Northern Ireland

Sites around River Bann closed due to blue-green algae outbreak

Blue-green algae can pose a health risk to people, pets and wild animals who come into contact with or ingest it (Peter Byrne/PA)
Blue-green algae can pose a health risk to people, pets and wild animals who come into contact with or ingest it (Peter Byrne/PA) Blue-green algae can pose a health risk to people, pets and wild animals who come into contact with or ingest it (Peter Byrne/PA)

A number of sites around the River Bann have been closed due to a breakout of blue-green algae.

Mid and East Antrim council announced that the Portglenone Marina slipway and waterways at Newferry would be closed due to blue-green algal blooms.

Blue-green algae can occur naturally in lakes, ponds, canals, rivers and reservoirs.

Unlike other types of algae, if it becomes too abundant it can pose a health risk to people, pets and wild animals who come into contact with it or ingest it.

Contact or ingestion can cause skin rashes, eye irritations, vomiting, diarrhoea, fever and muscle and joint pain.

Blue-green algae has also been attributed to the deaths of dogs, birds, fish and livestock in parts of the UK.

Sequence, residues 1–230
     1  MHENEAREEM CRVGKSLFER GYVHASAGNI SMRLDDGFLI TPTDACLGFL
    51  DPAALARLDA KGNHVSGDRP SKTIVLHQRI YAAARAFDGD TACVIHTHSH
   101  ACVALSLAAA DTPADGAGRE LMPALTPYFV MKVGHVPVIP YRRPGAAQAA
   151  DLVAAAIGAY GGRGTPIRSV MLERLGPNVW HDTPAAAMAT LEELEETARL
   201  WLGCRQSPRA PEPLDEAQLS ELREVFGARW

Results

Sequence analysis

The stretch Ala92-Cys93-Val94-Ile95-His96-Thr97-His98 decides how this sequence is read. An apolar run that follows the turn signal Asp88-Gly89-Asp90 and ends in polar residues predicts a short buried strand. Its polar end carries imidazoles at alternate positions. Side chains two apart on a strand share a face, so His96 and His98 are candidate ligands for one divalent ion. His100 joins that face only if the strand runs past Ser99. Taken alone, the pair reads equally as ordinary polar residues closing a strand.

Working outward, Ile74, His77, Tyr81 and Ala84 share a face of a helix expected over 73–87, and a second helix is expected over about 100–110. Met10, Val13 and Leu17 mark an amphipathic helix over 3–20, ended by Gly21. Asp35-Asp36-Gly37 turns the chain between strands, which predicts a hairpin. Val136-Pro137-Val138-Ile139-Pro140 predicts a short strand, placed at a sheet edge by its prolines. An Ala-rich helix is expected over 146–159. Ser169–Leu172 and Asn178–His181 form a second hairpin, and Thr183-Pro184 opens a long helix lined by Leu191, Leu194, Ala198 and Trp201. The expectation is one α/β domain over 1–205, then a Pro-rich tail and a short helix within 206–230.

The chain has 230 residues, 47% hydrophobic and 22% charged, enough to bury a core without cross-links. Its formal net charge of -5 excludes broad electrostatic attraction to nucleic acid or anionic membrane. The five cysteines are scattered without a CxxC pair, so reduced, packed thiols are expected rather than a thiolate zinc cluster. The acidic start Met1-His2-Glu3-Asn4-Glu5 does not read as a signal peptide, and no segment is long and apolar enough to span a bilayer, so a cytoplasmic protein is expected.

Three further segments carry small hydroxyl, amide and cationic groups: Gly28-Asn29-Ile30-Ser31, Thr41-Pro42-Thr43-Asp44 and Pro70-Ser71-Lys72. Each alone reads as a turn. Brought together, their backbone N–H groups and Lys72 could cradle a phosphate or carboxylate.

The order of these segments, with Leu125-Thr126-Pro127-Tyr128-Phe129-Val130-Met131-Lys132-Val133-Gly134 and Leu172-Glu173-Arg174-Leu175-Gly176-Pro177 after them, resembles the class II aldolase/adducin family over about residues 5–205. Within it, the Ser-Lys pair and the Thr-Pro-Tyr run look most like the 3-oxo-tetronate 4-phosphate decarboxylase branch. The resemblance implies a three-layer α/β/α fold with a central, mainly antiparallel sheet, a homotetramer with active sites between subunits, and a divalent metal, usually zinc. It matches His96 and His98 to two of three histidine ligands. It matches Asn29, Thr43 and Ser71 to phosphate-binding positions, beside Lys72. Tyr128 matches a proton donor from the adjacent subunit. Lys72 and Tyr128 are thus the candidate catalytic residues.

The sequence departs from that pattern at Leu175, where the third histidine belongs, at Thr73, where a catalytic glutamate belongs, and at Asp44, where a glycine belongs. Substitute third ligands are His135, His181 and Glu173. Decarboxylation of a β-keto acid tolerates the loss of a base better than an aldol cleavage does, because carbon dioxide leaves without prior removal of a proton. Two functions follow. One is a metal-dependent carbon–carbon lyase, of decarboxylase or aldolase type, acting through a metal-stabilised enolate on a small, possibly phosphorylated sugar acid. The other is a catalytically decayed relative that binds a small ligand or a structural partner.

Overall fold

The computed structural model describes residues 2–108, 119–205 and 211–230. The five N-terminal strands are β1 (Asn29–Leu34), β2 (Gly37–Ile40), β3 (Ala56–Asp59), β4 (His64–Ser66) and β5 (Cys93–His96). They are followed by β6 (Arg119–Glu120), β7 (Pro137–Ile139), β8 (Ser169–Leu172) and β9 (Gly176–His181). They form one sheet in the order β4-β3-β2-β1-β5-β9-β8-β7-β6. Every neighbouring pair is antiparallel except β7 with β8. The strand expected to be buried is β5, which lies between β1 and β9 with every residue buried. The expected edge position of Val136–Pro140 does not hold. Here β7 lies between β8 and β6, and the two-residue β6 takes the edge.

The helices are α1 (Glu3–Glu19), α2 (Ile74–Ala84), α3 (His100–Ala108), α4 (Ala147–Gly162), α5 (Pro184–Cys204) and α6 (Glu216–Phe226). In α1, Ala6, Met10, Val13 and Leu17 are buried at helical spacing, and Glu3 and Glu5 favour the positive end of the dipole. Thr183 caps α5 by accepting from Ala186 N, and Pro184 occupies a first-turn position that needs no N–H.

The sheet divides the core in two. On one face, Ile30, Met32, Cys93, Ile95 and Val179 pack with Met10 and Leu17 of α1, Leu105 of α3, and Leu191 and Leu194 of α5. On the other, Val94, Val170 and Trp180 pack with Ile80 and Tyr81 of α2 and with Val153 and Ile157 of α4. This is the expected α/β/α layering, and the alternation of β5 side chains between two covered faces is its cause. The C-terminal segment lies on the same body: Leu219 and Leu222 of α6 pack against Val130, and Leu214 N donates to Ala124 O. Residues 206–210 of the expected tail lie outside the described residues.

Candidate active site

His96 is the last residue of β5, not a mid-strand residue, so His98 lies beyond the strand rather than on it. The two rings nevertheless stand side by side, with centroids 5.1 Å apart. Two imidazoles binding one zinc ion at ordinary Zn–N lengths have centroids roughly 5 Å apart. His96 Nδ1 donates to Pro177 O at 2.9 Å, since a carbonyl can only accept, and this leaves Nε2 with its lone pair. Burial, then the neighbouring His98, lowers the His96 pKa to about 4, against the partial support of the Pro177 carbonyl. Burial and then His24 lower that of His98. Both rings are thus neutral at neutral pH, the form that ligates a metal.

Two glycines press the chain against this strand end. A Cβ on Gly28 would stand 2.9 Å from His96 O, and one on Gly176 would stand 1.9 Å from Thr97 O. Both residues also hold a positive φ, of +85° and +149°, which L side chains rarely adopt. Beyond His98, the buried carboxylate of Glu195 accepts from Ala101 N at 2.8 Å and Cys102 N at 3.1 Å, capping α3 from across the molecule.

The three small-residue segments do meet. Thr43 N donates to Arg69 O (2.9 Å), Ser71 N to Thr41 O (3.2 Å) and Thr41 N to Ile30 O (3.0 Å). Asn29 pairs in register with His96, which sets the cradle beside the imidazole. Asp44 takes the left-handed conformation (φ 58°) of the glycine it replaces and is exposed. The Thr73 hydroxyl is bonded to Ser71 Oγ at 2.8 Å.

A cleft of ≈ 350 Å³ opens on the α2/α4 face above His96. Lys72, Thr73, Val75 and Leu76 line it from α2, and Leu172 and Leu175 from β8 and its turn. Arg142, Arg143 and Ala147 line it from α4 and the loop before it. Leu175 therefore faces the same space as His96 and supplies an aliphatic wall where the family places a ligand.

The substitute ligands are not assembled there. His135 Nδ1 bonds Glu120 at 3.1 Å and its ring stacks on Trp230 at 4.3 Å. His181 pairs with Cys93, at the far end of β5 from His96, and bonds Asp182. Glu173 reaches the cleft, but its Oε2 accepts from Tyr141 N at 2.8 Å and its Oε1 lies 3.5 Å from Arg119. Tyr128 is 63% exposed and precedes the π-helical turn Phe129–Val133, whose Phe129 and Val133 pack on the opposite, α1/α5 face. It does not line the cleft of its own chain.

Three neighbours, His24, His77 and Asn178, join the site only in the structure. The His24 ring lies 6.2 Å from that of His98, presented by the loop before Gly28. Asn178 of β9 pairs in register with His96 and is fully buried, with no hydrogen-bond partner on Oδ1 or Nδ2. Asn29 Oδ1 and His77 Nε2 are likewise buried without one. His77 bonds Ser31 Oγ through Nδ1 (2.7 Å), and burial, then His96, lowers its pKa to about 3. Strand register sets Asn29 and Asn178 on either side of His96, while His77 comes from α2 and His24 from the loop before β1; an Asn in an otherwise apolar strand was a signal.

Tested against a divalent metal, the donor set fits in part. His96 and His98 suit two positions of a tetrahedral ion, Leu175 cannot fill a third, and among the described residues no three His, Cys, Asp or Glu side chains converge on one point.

A council spokesperson said they had been contacted by the Northern Ireland Environment Agency (NIEA), part of the Department of Agriculture, Environment and Rural Affairs (Daera), regarding the blue-green algal blooms at Newferry and Portglenone.

“Portglenone Marina slipway will be closed until further notice for launching personal watercrafts (eg kayaks, canoes and paddleboards).  Newferry will be closed until further notice,” the spokesperson said.

“People are advised not to swallow, swim or allow pets in the water. Avoid all contact with the algae.”

Daera have recorded blue-green algal blooms at a number of locations in rivers, lakes and coastlines this year.

The department says they continue to respond to reports of the algae within Northern Ireland waters and have put in place some emergency planning measures to deal with the situation.

Impacts of recent outbreaks have primarily been seen in Lough Neagh and the Lower Bann but other sites have also been impacted, including north coast bathing waters and the Fermanagh lakes.

Members of the public can report a suspected bloom through the NIEA incident hotline on 0800 80 70 60 or e-mail emergency-pollution@daera-ni.gov.uk with a photo, if possible, and details on the location of the potential bloom.

Daera has also launched the Bloomin’ Algae app which enables members of the public to submit a photo of the bloom taken on their phone and state what activity has taken place at a location, so that the potential risks to people and animals can be gauged.